New lender offers 50-year fixed mortgages to borrowers looking to beat inflation

·2 min read
50 year mortgage rate fix home owner
50 year mortgage rate fix home owner

A new mortgage lender has been granted a licence to offer 50-year fixed-rate mortgages as a growing number of homeowners seek to fix for longer to protect themselves from rising costs.

Perenna, a UK-based specialist lender, said it would initially launch 30-year loans before later rolling out longer terms, after being granted permission by the Bank of England. Rates are expected to be between 4pc and 4.5pc.

The launch comes as the number of people searching for 10-year fixes has risen by 54pc in the last year, according to Twenty7Tec, a mortgage data firm. Borrowers have tried to negate the effects of rising interest rates and soaring inflation by fixing their loans for longer periods. More than 145,000 borrowers sought these long-term loans in the last week, the firm said.

However, lenders have pulled dozens of longer-term fixes from the market as borrowers scramble to lock into fixed rates before they increase. Data from analyst Moneyfacts showed 180 10-year fixes were available in February, but that figure has fallen to 130 today.

Arjan Verbeek, of Perenna, said the lender was offering long-term fixed-rates partly in response to inflation, but also to “improve affordability” for prospective house buyers.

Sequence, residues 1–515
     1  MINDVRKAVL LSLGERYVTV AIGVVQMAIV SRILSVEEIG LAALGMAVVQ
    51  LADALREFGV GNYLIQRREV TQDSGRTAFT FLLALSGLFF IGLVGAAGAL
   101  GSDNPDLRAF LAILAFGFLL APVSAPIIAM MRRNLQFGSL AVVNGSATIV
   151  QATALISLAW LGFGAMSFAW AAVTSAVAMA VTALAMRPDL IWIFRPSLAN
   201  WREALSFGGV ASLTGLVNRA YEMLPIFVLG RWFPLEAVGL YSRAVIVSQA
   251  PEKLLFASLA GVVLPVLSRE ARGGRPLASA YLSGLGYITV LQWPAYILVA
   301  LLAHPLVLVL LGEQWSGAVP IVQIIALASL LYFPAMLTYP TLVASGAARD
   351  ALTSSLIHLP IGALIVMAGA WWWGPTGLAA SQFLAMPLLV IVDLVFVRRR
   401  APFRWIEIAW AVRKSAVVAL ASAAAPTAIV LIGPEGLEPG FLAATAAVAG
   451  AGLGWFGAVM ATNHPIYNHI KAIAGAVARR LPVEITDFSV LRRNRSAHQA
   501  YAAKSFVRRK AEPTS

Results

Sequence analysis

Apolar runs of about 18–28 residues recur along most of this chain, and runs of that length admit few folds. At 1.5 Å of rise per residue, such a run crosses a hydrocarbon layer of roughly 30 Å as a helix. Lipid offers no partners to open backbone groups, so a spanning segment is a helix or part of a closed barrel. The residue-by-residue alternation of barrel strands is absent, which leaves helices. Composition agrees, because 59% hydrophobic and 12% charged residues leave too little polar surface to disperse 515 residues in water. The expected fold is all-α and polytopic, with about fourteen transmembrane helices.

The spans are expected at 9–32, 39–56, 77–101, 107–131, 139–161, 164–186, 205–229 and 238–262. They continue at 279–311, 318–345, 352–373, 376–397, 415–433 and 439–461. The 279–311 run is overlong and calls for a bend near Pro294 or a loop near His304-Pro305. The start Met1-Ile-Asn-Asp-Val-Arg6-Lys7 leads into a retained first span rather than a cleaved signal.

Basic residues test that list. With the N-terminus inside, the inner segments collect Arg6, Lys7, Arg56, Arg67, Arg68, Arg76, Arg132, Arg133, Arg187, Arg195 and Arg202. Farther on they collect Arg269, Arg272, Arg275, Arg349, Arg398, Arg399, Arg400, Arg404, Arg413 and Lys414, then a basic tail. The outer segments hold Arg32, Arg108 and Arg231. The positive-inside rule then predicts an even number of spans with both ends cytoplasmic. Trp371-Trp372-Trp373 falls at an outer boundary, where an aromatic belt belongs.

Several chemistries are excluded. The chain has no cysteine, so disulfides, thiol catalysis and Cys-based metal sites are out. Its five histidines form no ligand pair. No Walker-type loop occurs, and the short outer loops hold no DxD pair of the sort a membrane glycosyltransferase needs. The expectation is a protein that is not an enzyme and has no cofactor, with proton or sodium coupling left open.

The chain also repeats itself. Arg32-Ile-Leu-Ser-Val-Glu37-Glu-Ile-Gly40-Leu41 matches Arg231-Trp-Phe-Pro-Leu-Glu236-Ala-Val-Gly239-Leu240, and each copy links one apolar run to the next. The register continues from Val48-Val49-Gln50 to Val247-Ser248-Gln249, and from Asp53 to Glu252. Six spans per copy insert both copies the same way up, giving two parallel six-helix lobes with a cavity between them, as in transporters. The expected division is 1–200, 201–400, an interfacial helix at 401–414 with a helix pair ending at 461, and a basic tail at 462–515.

“Rates are going up and it’s eating into disposable income,” he said, “There’s real pressure on consumers and they need to appreciate what a fixed rate means. It means security – and that’s very important.”

Mr Verbeek said the UK housing market was “way out of whack” with other countries such as Denmark and America, where longer fixed-rate mortgages are more common.

Banks in Britain usually provide mortgages ranging from two to 10 years, with two and five-year fixes being the most popular deals. Perenna said it would launch its first loan in the next six months.

In July, Boris Johnson was said to be considering plans to allow house buyers to take out 50-year mortgages that they are able to pass on to their children. The proposals to allow first-time buyers to take out “cross-generational” mortgages would allow them to borrow more money over a longer period.

The loans could then be passed down to children, along with the property, when the original owner retires. Ministers argued these would make it easier for buyers to get onto the housing ladder in more expensive areas of the country.

However, neither Liz Truss nor Rishi Sunak has publicly backed Mr Johnson’s plans as part of their ongoing leadership campaigns.